REDA Co-operative Youth Program
The REDA Co-operative Youth Program is A Unique Alberta Youth Experience. The REDA Co-operative Youth Program is one of several programmes s offered by the Rural Education and Development Association (REDA). REDA is a private, non-profit continuing education organisation dedicated to providing human resource training and programme development.
The first Co-operative Youth Program was held at Elk Island National Park at Camp Agape in 1961, attracting 91 young people between the ages of sixteen and twenty from rural Alberta. It was intended to develop leadership skills and co-operative attitudes in youth, and to encourage their active involvement in the community. The first programme held at Goldeye Centre was in the summer of 1962. The programme covered topics such as Co-operative organizations, farm family business agreements, water safety and agriculture.
The REDA Co-operative Youth Program has seen several changes over the past few decades, including a move away from a rural youth focus, an increase in urban participants, and additional leadership curriculum content. Amidst all the changes, the principles the programme was founded on still remain. The REDA Co-operative Youth Program continues to create awareness and understanding in youth about co-operative ideals, leadership development, and the importance of community and the agriculture industry.
Some specific learning outcomes from the programme include:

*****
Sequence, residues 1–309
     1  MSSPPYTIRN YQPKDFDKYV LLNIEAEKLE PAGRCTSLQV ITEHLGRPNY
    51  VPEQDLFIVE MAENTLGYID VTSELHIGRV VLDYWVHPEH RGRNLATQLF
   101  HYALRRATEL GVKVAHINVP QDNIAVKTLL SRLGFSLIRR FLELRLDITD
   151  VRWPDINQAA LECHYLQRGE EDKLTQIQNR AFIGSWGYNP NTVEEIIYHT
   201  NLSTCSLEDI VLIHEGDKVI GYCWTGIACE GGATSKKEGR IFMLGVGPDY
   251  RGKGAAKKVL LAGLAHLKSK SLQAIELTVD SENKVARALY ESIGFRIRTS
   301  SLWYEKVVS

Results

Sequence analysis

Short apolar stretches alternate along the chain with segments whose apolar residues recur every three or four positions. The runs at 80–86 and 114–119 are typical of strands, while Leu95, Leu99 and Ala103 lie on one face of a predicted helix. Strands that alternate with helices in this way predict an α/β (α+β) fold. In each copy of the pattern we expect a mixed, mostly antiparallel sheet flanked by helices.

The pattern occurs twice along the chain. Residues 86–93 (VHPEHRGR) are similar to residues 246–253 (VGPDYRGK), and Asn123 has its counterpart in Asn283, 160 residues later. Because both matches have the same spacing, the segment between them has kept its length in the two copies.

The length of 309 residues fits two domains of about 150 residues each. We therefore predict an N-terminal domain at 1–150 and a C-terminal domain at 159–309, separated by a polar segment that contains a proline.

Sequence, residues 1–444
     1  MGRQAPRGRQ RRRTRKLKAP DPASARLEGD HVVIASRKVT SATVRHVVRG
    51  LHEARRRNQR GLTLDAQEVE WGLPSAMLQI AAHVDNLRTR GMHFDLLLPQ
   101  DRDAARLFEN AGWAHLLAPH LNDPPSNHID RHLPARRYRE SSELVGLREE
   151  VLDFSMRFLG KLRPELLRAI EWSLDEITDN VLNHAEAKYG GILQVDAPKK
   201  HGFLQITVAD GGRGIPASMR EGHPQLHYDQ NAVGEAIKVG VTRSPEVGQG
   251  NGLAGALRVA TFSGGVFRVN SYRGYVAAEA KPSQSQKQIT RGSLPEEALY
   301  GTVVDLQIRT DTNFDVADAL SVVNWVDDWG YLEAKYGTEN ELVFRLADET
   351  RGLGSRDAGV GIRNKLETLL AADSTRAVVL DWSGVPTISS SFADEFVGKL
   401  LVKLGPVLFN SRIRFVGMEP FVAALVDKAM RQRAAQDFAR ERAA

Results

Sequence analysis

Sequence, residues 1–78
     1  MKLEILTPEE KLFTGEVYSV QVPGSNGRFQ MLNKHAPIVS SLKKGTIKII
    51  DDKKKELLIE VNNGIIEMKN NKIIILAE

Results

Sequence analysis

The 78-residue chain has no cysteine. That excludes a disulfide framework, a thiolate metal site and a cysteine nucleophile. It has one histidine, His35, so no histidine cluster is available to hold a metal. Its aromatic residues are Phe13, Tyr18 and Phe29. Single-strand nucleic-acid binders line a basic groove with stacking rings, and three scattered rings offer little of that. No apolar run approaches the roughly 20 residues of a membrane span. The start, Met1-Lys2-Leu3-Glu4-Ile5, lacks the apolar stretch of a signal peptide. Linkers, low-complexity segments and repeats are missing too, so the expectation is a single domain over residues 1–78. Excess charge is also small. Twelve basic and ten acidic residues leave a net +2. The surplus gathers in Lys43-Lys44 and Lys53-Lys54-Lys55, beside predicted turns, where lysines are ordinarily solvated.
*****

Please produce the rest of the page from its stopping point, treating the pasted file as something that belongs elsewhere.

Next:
- Working with people with different personalities
- Problem-solving techniques in groups
- Conflict management in groups
- Assertive communication skills
- Improved self confidence
This experiential seven day programme continues to take place at Goldeye Centre and runs over seven weeks of the summer, typically from late June to early August. There are three phases, and each caters to a different age group and offers a varied program.
Approximately 350 participants go through the programme each summer, with a maximum of fifty to fifty-five participants accommodated at one time.
The REDA Co-operative Youth Program exists to serve the belief held by REDA’s stakeholders that the future of their organisations and communities are the youth of today. Consequently, youth will need to develop the skills to be effective in their organisations and communities.
We are committed to providing an innovative learning environment that fosters the development of leadership skills and co-operative ideals in youth to benefit our communities.
The Co-operative Youth Program will be a dynamic leadership programme of choice, responsive to the needs of Alberta youth, member organizations and communities, and recognized for its contributions to society.
Values and Beliefs
The REDA Co-operative Youth Program has a statement of Values and Beliefs to guide the programmes operations. It represents the essence of the programme and, allows both staff and participants to gauge their actions and decisions.
The REDA Co-operative Youth Programs Values and Beliefs Statements are:
By pooling our resources we create results greater than the sum of the individual parts. Co-operation enables us to succeed through mutual self help and the strength of the co-operating members.
We not only accept differences amongst individuals and groups, but we celebrate the richness this diversity brings to our lives.
We are forthright in our motives. Through honest, open communications we build and maintain trust.
Our actions contribute to the individual’s development. By enhancing the individual’s abilities and confidence he or she is empowered to reach his or her potential.
Learning starts where the individual is at and should result in positive changes in her or his life and the lives of those around her or him. Challenging experiences combined with success stimulate learning.